The FCC’s video description rules require covered broadcasters and MVPDs to provide audio-narration of the key visual elements of a program during pauses in the dialogue so as to make it more accessible to individuals who are blind or visually impaired. Under the current rules (which Congress in 2010 directed the FCC to reinstate after a court struck them down in 2000), broadcast stations affiliated with ABC, CBS, Fox, or NBC that are located in the top 60 television markets are required to provide 50 hours of programming with video description per calendar quarter. The top five non-broadcast networks on Pay-TV systems serving 50,000 or more subscribers (currently USA, TNT, TBS, History, and Disney Channel, as of July 1, 2015) are also subject to this requirement.
In addition to directing the FCC to reinstate its video description rules in the Twenty-First Century Communications and Video Accessibility Act of 2010 (CVAA), Congress gave the FCC authority to adopt additional video description rules if the benefits of doing so would outweigh the costs. At today’s Open Meeting, the FCC tentatively concluded that the substantial benefits of adopting additional video description requirements would outweigh the costs of the proposed requirements, and therefore adopted a Notice of Proposed Rulemaking recommending an update to and expansion of its video description rules.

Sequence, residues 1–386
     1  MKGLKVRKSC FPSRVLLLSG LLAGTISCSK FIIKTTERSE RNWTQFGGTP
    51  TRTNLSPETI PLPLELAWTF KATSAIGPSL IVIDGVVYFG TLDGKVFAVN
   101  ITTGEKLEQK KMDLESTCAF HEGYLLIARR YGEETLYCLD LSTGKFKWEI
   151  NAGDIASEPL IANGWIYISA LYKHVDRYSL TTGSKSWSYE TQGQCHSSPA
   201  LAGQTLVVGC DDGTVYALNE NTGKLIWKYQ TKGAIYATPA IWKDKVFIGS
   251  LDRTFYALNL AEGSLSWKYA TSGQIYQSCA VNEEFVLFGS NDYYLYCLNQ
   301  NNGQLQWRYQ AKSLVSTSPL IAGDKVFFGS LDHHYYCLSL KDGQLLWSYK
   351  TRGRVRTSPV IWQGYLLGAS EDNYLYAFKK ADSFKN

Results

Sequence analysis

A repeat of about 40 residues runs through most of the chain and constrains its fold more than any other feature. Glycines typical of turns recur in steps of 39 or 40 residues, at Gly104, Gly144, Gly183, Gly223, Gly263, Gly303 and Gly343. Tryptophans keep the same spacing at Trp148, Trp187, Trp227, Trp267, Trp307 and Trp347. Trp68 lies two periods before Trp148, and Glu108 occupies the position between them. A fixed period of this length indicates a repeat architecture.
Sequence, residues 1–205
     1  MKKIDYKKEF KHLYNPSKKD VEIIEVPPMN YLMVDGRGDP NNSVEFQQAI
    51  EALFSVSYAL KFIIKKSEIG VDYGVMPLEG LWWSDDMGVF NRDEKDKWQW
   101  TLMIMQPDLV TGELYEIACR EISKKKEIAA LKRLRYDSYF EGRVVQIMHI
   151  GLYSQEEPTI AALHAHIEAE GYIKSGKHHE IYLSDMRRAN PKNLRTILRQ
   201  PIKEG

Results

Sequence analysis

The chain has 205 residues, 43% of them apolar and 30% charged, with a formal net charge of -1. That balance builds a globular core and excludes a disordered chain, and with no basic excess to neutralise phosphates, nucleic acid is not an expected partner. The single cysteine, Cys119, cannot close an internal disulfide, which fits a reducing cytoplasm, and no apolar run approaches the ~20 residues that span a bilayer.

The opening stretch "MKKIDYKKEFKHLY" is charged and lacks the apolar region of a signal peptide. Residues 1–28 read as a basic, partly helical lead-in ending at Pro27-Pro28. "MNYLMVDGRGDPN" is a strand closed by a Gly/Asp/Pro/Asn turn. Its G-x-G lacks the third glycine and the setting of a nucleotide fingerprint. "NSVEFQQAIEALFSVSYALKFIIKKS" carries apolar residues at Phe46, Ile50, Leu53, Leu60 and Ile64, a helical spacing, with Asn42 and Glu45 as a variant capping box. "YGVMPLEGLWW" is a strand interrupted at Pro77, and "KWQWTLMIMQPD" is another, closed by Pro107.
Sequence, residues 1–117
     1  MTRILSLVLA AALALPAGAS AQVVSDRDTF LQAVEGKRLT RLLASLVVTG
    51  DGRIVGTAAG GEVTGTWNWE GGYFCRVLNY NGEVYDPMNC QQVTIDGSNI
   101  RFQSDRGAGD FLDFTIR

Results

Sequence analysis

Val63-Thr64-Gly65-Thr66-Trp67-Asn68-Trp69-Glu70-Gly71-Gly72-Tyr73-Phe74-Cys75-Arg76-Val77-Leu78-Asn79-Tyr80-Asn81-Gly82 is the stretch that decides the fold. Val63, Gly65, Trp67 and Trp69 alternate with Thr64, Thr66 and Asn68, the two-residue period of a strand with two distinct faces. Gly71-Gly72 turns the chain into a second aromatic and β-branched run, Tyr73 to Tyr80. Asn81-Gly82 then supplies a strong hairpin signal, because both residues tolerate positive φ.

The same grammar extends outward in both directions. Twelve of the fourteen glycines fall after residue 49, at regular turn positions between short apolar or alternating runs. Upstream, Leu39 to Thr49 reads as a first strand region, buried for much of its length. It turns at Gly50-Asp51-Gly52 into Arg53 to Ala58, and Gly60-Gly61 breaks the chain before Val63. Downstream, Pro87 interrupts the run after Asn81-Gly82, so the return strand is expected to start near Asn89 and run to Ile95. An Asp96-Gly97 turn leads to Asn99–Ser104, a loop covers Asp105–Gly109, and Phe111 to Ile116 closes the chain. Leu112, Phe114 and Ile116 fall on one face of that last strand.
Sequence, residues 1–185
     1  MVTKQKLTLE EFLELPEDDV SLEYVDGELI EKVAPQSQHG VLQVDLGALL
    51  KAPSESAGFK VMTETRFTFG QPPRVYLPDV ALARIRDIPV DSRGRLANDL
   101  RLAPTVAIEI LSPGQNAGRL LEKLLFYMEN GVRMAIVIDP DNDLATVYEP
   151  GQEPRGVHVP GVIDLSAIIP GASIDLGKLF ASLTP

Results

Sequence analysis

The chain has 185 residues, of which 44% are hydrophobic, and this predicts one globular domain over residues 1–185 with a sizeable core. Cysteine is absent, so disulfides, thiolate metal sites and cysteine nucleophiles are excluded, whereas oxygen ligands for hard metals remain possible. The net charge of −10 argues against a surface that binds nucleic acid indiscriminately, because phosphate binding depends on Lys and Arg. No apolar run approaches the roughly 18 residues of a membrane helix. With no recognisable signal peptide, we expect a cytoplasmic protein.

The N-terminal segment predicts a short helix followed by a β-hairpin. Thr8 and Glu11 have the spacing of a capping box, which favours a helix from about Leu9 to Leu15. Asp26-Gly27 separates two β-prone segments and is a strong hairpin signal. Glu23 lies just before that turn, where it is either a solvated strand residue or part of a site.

The FCC’s additional proposed requirements include increasing the required amount of video-described programming on each covered network from 50 hours per calendar quarter to 87.5 hours, and expanding the number of networks subject to the rules from four broadcast and five non-broadcast networks to five broadcast and ten non-broadcast networks.
The NPRM will also seek comment on a “no-backsliding rule”, which would keep covered networks subject to the requirements even if they fall below the top-five (broadcast) or top-ten (non-broadcast) ranking.
Dissenting in part, Commissioners Pai and O’Rielly voiced concern that the FCC’s proposals exceed the Commission’s statutory authority, which had been the downfall of the earlier rules. In particular, both commissioners warned that the proposals far exceed the 75% increase of the total hour requirement permitted under the CVAA: Commissioner Pai’s “conservative estimate” was that the proposed additional requirements would increase the total hours requirement by 192% (before taking into account the no-backsliding rule). With respect to the no-backsliding rule, Commissioner Pai described the proposal as the “Hotel California” approach to regulation, and accused the FCC of Orwellian speak and “reinvent[ing] math”—where the “top five broadcast networks can mean more than five networks.”
The text of the NPRM and comment deadlines have yet to be released, but it’s already sounding like the FCC will be in for a lively debate.